Depends on my mood! If I’m feeling really disconnected from my more empathic, heartfelt side, I’ll spend some time singing and playing the guitar. If I feel really burned out, I’ll watch comedies on TV, or read Tumblr. If I feel lonely, I’ll take a book (I love to read fiction. No space stuff outside of wor) and go to a cafe, or hang out with a friend, paint our nails or whatnot. If I feel sad, I’ll make sure to make time to do at least half an hour of yoga (I like Yoga with Adriene’s YouTube channel) or listen to a comedy podcast (my favorite is Call Chelsea Peretti!).
Describe your personal style in three words.
“Hip therapist aesthetic”, lol. I like very tailored, curated looks that also broadcast something empathic and approachable. Bronze hoop earring, some nicely fitting black capris, and an asymmetric sweater with koi swimming on it, for example. That’s what I wore when I celebrated my birthday party this year.
What advice do you have for girls pursuing STEM careers?
My advice is derived from what I know is more impactful (in peer-reviewed research) related to the retention of people in scientific trajectories, and also based on my own experience. First, find a mentor, or at least identify someone you can look at and think “I want to be like her.” Not only professionally, but personally too. Representation really matters. Second, value the things that you love about yourself *outside* of science, like your sense of humor, relationships with friends or family, etc. Research shows that, for women, reflecting on the things that matter to you creates a kind of buffer against the harmful cultural noise of negative stereotypes. Your funny, silly self is not different from your hard-working, scientifically accomplished self. It’s the same person, and the pieces work best when they work together. Third, trust your instincts. That’s not only STEM career advice, but advice about how to live a rich life. I think women, particularly women in historically (white) male spaces, feel invisible pressure to discount how they really feel about a situation, in favor of how they think they “should” feel. If you’re having a feeling about something, it’s for a reason. Feelings encode important information about a situation and your own state, and no good scientist disregards good data. 🙂 You’re the one who knows what’s best for you.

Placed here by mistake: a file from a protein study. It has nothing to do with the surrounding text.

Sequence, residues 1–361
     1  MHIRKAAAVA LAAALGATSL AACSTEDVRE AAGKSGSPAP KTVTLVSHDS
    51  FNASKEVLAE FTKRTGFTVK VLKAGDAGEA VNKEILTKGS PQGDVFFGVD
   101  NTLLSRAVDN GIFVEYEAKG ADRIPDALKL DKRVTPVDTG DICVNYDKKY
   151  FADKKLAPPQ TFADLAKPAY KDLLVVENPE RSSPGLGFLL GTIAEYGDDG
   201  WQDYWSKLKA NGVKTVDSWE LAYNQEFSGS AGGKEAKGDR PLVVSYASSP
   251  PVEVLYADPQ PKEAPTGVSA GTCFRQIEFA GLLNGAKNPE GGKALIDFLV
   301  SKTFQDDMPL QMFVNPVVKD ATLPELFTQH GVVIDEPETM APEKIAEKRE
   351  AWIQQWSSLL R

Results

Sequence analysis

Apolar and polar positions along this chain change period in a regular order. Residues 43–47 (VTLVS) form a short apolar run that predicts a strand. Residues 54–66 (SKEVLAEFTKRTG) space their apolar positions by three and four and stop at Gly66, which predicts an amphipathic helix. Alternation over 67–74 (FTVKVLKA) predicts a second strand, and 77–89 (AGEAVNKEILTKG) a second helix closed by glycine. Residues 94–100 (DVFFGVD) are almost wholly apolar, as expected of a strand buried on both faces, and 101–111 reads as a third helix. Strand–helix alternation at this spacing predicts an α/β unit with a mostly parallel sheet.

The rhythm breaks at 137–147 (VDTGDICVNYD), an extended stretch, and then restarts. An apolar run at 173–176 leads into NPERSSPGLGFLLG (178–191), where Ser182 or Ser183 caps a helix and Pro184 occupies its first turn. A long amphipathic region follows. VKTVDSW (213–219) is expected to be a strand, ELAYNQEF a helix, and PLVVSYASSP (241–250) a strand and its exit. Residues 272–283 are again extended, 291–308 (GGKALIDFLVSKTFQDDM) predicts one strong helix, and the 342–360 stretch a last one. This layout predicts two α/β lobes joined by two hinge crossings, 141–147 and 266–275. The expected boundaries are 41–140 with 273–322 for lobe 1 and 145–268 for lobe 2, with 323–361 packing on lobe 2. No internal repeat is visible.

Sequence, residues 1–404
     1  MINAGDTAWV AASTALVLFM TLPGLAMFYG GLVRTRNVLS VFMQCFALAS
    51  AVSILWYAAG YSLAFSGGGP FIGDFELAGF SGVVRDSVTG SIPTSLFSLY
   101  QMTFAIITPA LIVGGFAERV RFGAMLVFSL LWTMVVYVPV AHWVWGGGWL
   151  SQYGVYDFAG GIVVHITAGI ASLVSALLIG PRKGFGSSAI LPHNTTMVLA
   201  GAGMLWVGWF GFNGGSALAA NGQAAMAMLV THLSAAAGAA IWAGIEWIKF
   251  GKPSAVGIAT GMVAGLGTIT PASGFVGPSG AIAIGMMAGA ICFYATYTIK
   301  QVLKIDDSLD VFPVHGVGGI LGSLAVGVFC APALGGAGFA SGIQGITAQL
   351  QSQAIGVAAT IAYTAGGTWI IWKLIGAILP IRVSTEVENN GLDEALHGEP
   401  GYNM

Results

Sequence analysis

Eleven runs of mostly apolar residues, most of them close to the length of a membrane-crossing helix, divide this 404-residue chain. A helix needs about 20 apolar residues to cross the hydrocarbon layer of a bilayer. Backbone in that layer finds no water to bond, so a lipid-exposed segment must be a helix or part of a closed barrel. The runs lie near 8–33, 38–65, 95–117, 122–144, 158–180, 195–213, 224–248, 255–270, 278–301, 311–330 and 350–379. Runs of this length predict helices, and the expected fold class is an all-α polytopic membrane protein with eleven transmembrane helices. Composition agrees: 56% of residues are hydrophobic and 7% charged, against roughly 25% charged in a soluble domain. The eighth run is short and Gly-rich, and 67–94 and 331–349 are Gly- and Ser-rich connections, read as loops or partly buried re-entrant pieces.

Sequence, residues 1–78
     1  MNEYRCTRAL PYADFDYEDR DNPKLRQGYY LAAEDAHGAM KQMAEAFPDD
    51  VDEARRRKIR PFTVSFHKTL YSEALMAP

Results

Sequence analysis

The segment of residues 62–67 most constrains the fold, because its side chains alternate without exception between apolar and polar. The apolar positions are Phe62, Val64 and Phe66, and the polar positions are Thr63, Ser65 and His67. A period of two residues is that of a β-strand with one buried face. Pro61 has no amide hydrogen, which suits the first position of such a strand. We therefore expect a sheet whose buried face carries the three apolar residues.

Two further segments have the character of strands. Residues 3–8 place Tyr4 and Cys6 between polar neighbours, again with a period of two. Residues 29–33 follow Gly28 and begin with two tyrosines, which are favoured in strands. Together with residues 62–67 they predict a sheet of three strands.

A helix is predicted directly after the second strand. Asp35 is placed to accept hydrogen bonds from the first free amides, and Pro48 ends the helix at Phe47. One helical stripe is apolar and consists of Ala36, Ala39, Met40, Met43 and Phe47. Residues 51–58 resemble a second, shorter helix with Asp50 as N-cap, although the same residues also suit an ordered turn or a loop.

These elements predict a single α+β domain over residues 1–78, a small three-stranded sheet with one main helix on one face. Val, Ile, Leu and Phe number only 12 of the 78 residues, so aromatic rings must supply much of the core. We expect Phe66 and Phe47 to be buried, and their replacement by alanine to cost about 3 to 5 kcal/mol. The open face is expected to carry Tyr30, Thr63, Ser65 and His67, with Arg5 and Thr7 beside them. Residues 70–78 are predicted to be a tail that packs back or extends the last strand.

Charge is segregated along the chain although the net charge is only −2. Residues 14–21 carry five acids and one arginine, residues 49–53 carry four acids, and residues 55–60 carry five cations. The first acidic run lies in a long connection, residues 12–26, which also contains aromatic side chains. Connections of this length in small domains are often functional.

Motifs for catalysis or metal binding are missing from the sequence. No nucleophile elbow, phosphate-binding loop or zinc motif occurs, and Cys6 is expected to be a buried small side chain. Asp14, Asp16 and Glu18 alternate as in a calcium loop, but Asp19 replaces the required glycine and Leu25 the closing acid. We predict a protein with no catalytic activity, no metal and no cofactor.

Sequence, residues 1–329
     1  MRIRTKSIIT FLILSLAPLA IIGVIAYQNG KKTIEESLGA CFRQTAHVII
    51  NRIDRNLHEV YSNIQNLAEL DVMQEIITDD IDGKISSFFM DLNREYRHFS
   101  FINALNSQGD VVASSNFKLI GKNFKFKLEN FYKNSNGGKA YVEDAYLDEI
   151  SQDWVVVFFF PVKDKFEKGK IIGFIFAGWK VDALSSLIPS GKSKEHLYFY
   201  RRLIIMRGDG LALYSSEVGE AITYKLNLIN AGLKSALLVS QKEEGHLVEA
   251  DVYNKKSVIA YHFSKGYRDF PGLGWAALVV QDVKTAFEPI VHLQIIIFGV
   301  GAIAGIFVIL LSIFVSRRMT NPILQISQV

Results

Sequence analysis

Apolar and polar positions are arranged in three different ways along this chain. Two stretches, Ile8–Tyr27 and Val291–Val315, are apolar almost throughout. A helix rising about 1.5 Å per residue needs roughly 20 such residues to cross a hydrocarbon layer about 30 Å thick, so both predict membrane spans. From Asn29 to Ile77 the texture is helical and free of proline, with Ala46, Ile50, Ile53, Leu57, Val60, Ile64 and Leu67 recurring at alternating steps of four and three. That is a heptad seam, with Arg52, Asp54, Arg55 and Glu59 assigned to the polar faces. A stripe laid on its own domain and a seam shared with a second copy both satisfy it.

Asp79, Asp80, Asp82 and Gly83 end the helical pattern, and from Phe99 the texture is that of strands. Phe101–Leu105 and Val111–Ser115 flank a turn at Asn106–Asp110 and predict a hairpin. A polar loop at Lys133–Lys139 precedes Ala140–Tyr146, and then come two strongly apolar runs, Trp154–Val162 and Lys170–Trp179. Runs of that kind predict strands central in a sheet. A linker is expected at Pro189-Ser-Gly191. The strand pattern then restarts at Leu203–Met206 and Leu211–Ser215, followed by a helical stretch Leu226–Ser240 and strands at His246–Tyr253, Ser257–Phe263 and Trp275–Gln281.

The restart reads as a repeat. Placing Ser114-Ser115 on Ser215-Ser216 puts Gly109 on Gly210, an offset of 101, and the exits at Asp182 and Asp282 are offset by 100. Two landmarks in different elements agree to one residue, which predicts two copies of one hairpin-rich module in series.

What’s your go-to makeup look?
I like a subtle, natural look that makes me look glowy and awake (even if I haven’t had my coffee yet). Typically that means a nude/rose lipstick (I like Bobbi Brown’s Raisin), a nicely blended eyeshadow look with very subtle gradations across the lid (I love Shu Uemura’s eyeshadow palette, which a fellow women physicist recommended to me), and mascara. And a little bit of highlighter on my cheekbones, like the ones by Becca that they sell at Sephora. I could go on, because I love talking about makeup, but I’ll pump the brakes there.
Do you have an ultimate career goal or major question you would like to answer within astrophysics?
Yes, I’d like to know whether anything about the dynamical history of a system of planets encodes anything about the individual atmospheres of their planets, or their habitability. Nature hides so many interesting links between things, and I suspect (but I don’t know yet!) that there will be a pattern of some kind between how systems of planets are sculpted and evolve, how suitable they are for life, and the types of molecules and hazes we will find in their atmospheres. That’s probably something I think we’ll know the answer to, at least in some form, in around 10 or 15 years. Come ask me then what the answer is!!
Thanks for reading! Want to be featured in scistrut’s STEM spotlight series or know someone who would? Comment on this post, tweet me @autumngreco_ or send me a message on Instagram.